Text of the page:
Even after years of experiencing malaria, caused by infection with Plasmodium species, individuals still have incomplete immunity and develop low-density parasitemia on re-infection. Recent studies using the P. chabaudi (Pch) mouse model to understand the reason for chronic malaria have shown that the programmed death-1 (PD-1) pathway inhibits T cell immunity against chronic blood-stage malaria. To determine if the PD-1 pathway inhibits long-term immunity, we infected wild type (WT) and PD-1KO mice with Pch malaria and measured protection as well as long-term immunity against re-infections, 15 or 20 weeks after the original infection had cleared. WT mice showed approximately 1% parasitemia compared to sterile immunity in PD-1KO mice on re-infection. An examination of the mechanisms of immunity behind this long-term protection in PD-1KO mice showed a key role for parasite-specific CD8+ T cells even when CD4+ T cells and B cells responded to re-infection. These studies indicate that long-term CD8+ T cell-meditated protection requires consideration for future malaria vaccine design, as part of a multi-cell type response.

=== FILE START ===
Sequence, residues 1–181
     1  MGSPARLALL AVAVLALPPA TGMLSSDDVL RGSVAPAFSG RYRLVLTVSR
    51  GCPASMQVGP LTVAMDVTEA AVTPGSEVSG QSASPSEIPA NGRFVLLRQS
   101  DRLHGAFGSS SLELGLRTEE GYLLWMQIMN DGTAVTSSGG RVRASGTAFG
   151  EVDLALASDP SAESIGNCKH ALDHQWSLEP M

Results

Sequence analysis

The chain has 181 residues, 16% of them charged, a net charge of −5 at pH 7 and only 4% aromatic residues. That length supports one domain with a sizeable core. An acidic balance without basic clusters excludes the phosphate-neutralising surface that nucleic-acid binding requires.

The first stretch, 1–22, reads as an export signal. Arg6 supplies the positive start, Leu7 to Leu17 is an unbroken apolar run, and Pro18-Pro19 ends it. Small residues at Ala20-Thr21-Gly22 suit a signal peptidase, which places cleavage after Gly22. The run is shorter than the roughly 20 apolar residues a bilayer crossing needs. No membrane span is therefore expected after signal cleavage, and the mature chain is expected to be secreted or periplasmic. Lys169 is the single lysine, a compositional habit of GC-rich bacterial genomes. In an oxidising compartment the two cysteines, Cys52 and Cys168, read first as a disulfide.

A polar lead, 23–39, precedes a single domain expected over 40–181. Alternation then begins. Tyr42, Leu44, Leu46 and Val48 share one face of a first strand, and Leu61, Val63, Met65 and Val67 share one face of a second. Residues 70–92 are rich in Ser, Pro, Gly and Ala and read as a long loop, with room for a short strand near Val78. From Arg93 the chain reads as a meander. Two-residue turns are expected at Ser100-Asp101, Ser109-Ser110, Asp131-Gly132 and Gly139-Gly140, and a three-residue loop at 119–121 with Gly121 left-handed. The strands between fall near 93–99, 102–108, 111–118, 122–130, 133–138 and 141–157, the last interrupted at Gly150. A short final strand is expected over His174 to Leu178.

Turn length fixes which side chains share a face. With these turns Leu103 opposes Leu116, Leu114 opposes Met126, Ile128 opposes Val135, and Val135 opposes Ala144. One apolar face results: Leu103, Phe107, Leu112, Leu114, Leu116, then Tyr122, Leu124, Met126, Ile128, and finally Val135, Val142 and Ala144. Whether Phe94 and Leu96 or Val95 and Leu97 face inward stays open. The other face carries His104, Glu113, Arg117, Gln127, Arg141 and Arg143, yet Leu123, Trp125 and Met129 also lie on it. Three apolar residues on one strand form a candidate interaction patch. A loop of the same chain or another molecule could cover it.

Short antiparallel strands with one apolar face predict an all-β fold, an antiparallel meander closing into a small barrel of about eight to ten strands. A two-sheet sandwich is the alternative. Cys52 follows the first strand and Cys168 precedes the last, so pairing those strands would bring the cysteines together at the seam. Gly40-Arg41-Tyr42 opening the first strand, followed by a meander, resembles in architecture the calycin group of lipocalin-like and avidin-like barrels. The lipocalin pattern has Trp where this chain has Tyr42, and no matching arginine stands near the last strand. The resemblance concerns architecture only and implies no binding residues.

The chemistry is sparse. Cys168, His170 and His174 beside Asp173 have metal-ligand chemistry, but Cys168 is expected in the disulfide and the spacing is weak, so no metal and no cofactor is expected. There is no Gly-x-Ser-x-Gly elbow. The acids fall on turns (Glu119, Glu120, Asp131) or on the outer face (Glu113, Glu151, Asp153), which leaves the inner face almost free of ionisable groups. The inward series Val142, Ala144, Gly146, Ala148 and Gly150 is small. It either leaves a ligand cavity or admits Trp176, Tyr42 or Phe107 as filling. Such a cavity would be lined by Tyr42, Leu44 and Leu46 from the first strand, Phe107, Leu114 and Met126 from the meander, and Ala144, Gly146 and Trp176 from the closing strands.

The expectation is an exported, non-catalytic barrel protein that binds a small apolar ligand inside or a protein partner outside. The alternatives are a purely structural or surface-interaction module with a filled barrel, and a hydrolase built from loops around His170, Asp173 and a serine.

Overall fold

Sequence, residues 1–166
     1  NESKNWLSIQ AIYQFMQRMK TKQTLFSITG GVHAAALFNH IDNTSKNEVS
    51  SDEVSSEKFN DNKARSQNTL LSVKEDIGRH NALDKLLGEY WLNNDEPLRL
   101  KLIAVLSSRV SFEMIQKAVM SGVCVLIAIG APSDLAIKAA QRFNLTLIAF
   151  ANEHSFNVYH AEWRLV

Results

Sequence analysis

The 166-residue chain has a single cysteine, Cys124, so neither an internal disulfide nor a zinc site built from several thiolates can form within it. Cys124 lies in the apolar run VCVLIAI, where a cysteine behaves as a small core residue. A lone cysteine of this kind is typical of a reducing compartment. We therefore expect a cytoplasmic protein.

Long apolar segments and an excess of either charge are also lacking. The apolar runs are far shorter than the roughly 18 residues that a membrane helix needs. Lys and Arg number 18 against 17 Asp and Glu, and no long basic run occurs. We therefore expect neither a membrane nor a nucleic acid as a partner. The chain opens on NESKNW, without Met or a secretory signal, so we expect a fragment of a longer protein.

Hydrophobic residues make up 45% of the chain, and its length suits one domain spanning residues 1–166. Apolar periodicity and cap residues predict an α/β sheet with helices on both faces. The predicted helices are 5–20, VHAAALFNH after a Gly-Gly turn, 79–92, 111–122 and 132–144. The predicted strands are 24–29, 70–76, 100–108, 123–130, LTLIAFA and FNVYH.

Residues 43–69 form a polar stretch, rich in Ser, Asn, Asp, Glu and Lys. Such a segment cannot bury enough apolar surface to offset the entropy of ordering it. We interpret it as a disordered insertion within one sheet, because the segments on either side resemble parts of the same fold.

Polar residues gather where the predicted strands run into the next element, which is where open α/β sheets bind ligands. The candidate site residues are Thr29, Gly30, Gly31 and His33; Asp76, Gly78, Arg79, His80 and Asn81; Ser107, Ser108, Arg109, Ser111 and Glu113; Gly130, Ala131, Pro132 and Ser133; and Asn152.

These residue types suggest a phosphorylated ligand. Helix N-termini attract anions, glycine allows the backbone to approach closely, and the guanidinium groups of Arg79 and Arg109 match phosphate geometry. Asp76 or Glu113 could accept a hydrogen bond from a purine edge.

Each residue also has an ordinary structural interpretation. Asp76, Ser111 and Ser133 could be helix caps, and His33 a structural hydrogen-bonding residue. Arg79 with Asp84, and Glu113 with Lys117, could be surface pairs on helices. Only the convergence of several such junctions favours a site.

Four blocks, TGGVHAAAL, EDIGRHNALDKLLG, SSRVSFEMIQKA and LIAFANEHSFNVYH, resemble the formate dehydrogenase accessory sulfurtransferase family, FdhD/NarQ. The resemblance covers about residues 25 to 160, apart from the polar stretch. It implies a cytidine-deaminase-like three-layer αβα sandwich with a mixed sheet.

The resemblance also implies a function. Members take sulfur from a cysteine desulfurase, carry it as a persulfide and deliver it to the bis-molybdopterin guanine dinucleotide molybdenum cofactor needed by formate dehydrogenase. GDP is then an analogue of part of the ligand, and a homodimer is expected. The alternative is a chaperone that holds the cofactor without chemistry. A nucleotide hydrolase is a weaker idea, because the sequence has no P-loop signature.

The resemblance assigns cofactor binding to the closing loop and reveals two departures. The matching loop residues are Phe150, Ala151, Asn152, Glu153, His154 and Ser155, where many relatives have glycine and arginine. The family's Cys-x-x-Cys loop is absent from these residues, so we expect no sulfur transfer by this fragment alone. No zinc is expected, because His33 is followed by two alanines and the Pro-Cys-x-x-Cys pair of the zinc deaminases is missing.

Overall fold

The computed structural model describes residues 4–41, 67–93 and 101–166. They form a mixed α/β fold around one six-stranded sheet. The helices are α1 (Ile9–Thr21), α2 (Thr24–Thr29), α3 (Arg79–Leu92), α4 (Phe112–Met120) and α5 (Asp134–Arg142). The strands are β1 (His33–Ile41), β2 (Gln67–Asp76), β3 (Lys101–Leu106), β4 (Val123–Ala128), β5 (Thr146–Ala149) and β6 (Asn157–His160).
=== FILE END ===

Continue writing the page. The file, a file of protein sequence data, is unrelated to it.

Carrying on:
|Authors||Horne-Debets, Joshua M.; Karunarathne, Deshapriya S.; Faleiro, Rebecca J.; Poh, Chek Meng; Renia, Laurent; Wykes, Michelle N.|